A federal judge overturned North Carolina Democratic Gov. Roy Cooper’s orders Saturday that sought to cap religious services at no more than 10 people while businesses and other organizations in the state were left to accommodate up to 50.
The double standard, District Court Judge James C. Dever ruled in the Eastern District of North Carolina, was an overt show of distrust among those gathering to worship and deemed the directive illegal, according to the News and Observer.
“The record, at this admittedly early stage of the case, reveals that the Governor appears to trust citizens to perform non-religious activities indoors (such as shopping or working or selling merchandise) but does not trust them to do the same when they worship together indoors,” the judge wrote.
A state hearing on whether the governor’s directive will become permanent is slated to take place on May 29, but the judge’s decision bars the governor from taking action against those congregating for religious services. Cooper said he had no plans to appeal the judge’s ruling, the News and Observer reported.
“The court trusts worshipers and their leaders to look after one another and society while exercising their free exercise rights just as they and their fellow citizens (whether religious or not) do when engaged in non-religious activities,” Dever said, but still recommended institutions to follow responsible public health guidelines for social distancing.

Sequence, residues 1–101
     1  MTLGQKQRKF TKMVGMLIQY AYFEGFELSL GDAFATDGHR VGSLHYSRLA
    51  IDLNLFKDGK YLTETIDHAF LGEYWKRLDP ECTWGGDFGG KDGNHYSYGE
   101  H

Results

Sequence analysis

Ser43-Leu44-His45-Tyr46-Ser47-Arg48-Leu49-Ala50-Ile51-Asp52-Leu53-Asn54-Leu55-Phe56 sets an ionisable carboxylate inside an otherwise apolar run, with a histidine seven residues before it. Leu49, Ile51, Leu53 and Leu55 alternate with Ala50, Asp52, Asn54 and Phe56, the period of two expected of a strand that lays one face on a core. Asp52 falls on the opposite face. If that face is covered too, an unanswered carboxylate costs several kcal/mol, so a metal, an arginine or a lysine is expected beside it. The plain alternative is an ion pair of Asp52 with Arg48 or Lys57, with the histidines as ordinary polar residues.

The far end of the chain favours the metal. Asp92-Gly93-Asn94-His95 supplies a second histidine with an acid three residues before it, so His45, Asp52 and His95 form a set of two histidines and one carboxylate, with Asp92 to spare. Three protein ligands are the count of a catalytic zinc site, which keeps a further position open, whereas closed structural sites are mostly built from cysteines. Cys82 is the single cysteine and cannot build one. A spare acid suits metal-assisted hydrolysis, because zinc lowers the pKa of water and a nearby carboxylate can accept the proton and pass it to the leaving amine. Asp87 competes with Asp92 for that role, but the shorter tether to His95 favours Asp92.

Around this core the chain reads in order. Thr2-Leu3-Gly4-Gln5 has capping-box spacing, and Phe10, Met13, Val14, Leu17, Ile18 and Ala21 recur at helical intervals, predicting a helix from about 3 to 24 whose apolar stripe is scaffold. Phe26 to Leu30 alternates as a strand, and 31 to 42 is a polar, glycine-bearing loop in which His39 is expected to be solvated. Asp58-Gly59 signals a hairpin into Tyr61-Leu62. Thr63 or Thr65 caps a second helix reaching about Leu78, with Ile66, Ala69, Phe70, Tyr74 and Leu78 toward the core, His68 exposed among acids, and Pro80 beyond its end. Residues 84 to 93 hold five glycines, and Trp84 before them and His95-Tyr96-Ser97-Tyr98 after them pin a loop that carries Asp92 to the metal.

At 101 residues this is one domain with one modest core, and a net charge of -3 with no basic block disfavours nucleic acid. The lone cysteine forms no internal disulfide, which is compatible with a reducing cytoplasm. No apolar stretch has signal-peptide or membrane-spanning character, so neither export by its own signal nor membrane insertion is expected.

“We don’t want indoor meetings to become hotspots for the virus and our health experts continue to warn that large groups sitting together inside for long periods of time are much more likely to cause the spread of COVID-19,” said Cooper’s spokesperson Ford Porter in response to the judge’s ruling. “While our office disagrees with the decision, we will not appeal, but instead urge houses of worship and their leaders to voluntarily follow public health guidance to keep their members safe.”
The judge’s order emerged from a case involving two Baptist churches filing a lawsuit against the governor last week arguing that Cooper’s order violated their First Amendment rights to worship.
The case is just the latest in a string of others challenging state and local orders over draconian lockdowns in an effort to curb the spread of the novel Wuhan coronavirus.
In April, U.S. Attorney General William Barr instructed U.S. attorneys to be on the lookout state and local ordinances that are potentially violating citizens’ civil liberties.
“Millions of Americans across the nation have been ordered to stay in their homes, leaving only for essential and necessary reasons, while countless businesses and other gathering places have been ordered to close their doors indefinitely,” Barr wrote in a department memo. “These kinds of restrictions have been necessary in order to stop the spread of a deadly disease – but there is no denying that they have imposed tremendous burdens on the daily lives of all Americans.”
As the nation approached Easter in mid-April, lockdowns remained in full-force prompting some churches to adapt to drive-in services. One Kentucky mayor however, sought to prohibit his city from conducting safe worship by threatening those who participated with arrest and criminal penalties. Federal District Court Judge Justin Walker however, who has since been nominated to a seat on the U.S. District Court blocked Louisville Mayor Greg Fischer’s threats however, declaring them unconstitutional and “beyond all reason.”